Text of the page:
Trans Woman Suing Crunch Fitness For Banning Her From Ladies Locker Room

Initially Christynne Wood kept using the men's facilities while she transitioned, until male members groped themselves in front of her and called her a "f*cking f*ggot."

A transgender woman is suing a Crunch Fitness in San Diego, claiming the gym prohibited her from using the women’s locker rooms and did nothing to protect her from harassment by other members.

Christynne Wood belonged to the Crunch in El Cajon for more than a decade when she began transitioning in 2016. She regularly attended water aerobics classes and had managed to lose nearly 100 pounds.

In court papers, Wood claimed she initially continued using the men’s lockers until she was confronted by a man who smiled at her and grabbed his genitals. She reported him to a manager and asked to start using the women’s locker rooms, but was told she needed a doctor’s letter verifying that she was transitioning.

Wood presented the letter on September 30, 2016, and later provided a court order that confirmed her name and gender change, but it wasn’t until a full year later that the gym granted her access to the ladies lockers. That was after another incident, when a man in the men’s locker room referred to her as a “fucking faggot.”

Michael S. Williamson/The Washington Post

A suit filed jointly by the California Department of Fair Employment and Housing, the ACLU of Southern California, and law firm Nixon Peabody alleges the gym and owner John Romeo were in clear violations of California’s Unruh Civil Rights Act, which bans discrimination based on gender identity and gender expression.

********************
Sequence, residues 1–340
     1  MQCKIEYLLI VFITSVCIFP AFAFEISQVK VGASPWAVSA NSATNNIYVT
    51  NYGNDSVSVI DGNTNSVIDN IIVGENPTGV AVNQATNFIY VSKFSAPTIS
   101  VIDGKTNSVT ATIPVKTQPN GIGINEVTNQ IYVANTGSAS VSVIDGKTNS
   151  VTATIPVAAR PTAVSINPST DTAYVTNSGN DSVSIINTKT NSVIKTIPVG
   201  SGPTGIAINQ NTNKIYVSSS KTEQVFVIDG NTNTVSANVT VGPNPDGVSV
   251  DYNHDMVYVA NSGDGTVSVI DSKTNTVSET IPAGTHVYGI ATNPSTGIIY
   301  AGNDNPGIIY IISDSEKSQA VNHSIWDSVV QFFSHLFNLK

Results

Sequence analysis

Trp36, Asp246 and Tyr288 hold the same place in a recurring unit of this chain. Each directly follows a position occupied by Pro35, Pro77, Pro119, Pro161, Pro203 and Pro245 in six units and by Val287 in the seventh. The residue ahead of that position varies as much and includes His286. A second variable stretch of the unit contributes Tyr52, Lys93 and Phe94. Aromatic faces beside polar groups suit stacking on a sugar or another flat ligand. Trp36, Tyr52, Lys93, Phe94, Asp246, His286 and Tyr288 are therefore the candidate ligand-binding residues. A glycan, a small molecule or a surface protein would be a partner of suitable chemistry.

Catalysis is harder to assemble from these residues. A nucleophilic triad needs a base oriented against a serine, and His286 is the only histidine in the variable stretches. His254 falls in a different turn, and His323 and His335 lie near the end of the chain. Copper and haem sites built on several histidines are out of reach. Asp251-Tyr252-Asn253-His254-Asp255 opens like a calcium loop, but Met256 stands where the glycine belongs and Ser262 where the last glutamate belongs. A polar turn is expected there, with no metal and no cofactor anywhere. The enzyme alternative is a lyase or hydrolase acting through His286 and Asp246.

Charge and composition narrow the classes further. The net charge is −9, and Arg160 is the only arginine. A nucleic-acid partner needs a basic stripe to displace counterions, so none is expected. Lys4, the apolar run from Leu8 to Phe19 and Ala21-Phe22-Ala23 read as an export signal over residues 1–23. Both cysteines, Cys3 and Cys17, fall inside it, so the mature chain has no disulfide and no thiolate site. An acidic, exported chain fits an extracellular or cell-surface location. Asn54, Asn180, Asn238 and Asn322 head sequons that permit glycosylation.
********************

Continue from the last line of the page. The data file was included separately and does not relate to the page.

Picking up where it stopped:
“California law makes clear that every person has the right to use facilities appropriate to their gender identity,” said Amanda Goad, senior staff attorney with the ACLU of Southern California. “No one should have to endure the discrimination, harassment, and humiliation that Christynne experienced because of Crunch’s failure to follow the law and educate its employees about respect for transgender people.”

Wood, a Navy veteran, is seeking compensatory damages, as well as additional training for staffers and a modification of the club’s policies regarding locker-room access. A representative from Crunch Fitness’ corporate offices said the club in question was an independently owned franchise “and we cannot speak to the circumstance of the allegations.”

“Our philosophy at Crunch is ’no judgments,’ and we promote positive body image and self-esteem in a fun atmosphere,” they added. “All of our gyms are committed to creating a safe and welcoming environment for all members.”

In 2015, a Michigan woman sued Planet Fitness for revoking her membership after she complained about a trans woman being allowed to the ladies locker room.

Though Yvette Cormier insisted she was subjected to sexual harassment, invasion of privacy, and breach of contract, an appeals court ruled she had no legitimate claim against the gym for its inclusive policy. “Regardless of whether an average member of the community may find the policy outrageous, the fact is that plaintiff did not suffer severe emotional distress as a matter of law.”

Cormier has appealed to the Supreme Court, which last month ordered the case remanded back to the Michigan Appeals Court for reconsideration.

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